About Nathan Hall

Nathan Hall
Nathan Hall, MA TESOL, MS Education, lives in Pottstown, PA with his wife and two daughters. He has been involved in ESL since he volunteered as a tutor in 2001, which inspired him to leave the field of journalism for education. He has since taught English language learners in a variety of settings ranging from community programs to colleges as well as in several different types of middle schools and high schools. He is currently an ELL specialist at Achievement House Cyber Charter School in Exton, PA.
This entry was posted in TESOL Blog and tagged , , , , , , . Bookmark the permalink.

4 Responses to 5 Ways to Make the Most of Written Feedback

  1. Corinne says:

    You make some very good points about our focus as teachers to sometimes overwhelm students with our overcorrecting of written pieces. I think we can all relate to your own childhood experience with writing and that experience didn’t leave us with a love of writing. I love your point about being strategic with corrections and having a focus with each piece of writing. That one focus would really help those EL students as they develop their understanding of the English language. I wish an instructional practice that would have been developed more with this blog post, would have been the craft of their writing. If students are communicating their thoughts well and writing creatively, then I would let some of the more minor errors slide. When providing your written feedback, I think students would find a lot of intrinsic motivation to keep pursuing writing if feedback includes positive discussion on reaching writing goals for effectively putting their thoughts on paper.

  2. Heather Drane says:


    Thank you for your insight. As a middle school English teacher, I have found it very difficult to put aside the dreaded “red pen.” It has taken no small amount of discipline to read through student work for meaning and effectiveness while resisting the urge to turn into a copy editor. I do use the strategy of focusing on one skill or a small group of skills at time. It actually makes it easier for me to grade, and more meaningful for students. I also try to focus on the strengths in a student’s writing. I use the feedback model “two grows and a glow” to be sure that I highlight what students are doing well in their writing along with criticism.

  3. Yvonne says:


    I can appreciate your perspective as I clearly remember myself receiving those same papers being returned to me with red marks when I was in school. It did feel a bit overwhelming and sometimes, if the teacher required that we re-submit with errors corrected, I would simply do so for the sake of doing it, not taking the time to actually reflect on what I did wrong and how I could improve. I do remember, I had at least one teacher that would encourage “peer” editing. That way, we as students felt the importance of having the responsibility of correcting a paper, and also was forced to think critically about what mistakes/errors our peers made.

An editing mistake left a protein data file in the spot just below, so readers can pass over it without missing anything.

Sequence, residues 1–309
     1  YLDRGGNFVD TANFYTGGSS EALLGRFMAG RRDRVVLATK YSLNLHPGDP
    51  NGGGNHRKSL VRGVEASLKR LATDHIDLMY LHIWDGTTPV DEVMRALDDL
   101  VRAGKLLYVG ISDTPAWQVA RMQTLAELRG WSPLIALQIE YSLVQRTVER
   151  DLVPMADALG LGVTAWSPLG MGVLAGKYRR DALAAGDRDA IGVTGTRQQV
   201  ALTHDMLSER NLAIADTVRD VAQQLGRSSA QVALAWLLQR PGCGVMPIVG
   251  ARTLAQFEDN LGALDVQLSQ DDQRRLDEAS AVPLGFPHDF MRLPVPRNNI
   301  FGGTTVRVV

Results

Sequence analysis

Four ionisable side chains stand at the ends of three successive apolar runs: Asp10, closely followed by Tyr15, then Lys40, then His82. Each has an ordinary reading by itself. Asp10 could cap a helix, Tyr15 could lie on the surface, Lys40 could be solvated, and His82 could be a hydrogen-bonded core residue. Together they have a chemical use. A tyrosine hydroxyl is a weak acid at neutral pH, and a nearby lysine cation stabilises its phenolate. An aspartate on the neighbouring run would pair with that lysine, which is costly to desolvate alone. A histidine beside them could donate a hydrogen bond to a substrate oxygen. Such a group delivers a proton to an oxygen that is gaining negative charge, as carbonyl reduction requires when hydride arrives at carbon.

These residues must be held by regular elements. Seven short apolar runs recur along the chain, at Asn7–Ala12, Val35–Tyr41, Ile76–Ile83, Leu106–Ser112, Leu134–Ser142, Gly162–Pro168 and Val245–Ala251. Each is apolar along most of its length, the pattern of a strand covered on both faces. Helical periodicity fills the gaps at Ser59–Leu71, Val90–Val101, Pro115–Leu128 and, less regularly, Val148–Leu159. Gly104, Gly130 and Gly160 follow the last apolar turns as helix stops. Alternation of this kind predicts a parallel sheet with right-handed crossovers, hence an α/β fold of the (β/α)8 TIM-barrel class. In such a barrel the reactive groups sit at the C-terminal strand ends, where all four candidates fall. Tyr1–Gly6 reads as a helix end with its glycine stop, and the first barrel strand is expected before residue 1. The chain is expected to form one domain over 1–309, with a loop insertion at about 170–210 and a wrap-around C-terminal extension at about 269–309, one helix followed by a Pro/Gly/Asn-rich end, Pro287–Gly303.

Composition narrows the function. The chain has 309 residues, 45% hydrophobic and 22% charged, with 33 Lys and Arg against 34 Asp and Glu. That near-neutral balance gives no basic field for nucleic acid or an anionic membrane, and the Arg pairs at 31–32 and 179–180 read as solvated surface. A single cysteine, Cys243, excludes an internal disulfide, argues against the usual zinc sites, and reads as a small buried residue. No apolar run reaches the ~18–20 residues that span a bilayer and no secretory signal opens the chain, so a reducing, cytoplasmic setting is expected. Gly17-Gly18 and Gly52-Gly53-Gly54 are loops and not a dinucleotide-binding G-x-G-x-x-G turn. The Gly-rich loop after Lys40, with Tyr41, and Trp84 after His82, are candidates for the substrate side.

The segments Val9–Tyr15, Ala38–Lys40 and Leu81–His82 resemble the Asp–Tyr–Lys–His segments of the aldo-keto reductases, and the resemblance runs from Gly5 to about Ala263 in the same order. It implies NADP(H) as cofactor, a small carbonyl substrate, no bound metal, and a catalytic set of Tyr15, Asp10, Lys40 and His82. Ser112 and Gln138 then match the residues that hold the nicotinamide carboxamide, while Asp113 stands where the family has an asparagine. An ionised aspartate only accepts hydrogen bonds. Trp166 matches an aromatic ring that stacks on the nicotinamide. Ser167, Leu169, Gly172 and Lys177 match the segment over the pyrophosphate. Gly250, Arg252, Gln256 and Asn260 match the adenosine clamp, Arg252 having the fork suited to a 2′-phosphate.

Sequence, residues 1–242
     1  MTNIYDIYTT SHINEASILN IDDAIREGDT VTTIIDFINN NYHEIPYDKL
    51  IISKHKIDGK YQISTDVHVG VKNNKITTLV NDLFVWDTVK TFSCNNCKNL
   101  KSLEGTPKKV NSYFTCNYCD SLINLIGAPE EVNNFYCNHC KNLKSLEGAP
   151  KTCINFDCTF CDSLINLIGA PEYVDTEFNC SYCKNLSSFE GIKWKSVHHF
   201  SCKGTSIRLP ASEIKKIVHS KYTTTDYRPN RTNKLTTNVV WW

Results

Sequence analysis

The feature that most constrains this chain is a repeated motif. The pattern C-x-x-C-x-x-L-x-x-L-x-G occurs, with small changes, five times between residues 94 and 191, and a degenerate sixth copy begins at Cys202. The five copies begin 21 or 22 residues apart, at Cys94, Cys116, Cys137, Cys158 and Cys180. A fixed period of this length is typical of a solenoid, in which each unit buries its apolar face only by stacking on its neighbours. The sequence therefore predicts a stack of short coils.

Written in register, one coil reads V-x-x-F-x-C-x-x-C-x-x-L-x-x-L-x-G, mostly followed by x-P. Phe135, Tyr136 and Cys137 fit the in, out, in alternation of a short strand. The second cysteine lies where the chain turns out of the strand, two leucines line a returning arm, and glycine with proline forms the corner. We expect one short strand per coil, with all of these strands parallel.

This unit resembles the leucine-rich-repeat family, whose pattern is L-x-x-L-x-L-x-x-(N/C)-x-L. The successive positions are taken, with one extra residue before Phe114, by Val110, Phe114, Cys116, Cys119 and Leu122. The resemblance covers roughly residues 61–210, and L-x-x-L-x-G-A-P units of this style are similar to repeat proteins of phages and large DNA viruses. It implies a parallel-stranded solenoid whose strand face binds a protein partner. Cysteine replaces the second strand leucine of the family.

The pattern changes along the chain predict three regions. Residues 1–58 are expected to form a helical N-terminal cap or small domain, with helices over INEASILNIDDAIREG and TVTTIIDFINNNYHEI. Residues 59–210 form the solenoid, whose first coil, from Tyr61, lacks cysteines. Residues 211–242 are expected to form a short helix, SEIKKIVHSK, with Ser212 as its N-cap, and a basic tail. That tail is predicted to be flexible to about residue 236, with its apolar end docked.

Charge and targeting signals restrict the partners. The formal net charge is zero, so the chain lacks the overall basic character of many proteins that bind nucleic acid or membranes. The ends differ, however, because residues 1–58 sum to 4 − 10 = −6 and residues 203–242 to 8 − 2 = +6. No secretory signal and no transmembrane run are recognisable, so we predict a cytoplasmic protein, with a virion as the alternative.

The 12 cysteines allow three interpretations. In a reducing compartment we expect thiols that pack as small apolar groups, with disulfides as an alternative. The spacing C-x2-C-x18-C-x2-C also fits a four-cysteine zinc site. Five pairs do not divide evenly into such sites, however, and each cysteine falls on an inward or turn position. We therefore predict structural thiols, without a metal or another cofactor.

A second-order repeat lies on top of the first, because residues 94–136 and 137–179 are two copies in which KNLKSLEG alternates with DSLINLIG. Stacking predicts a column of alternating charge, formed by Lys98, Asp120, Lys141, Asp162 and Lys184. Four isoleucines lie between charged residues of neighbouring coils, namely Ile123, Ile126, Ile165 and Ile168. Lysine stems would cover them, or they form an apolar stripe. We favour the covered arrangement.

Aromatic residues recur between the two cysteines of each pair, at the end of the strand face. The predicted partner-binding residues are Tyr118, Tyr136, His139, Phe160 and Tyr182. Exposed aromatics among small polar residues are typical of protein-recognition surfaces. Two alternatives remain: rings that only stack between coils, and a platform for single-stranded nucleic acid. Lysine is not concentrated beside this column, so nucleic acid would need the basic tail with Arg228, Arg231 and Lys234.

I really like points 1 and 2 you made. I hadn’t thought about selective editing and I think that’s a great way to help narrow the field for students. Defining things are also important, and I appreciate that you differentiated between a mistake and and error.

  4. AHMAD says:

    Hi Nathan
    It is really my pleasure to benefit from such kind of those steps as they are really helpful for all ELT and ESL teachers as well. In fact, we still need to see how evaluation takes place among the ability and performance of students and we have to take into consideration that any other out language definitely affect the other and it is really bit difficult to write and as a teacher to assess because of the content and meaning. Some othe samples that have been written by students take the content under the expance of meaning which in turn makes it senseless and it needs much more effort to correct and grasp what the smart student is attending to write!!
    Hope this experience finds you well as I like your post and I am greatly appreciated and support you with the full sense of the word!
    Cordially regards

Leave a Reply

Your email address will not be published. Required fields are marked *

This site uses Akismet to reduce spam. Learn how your comment data is processed.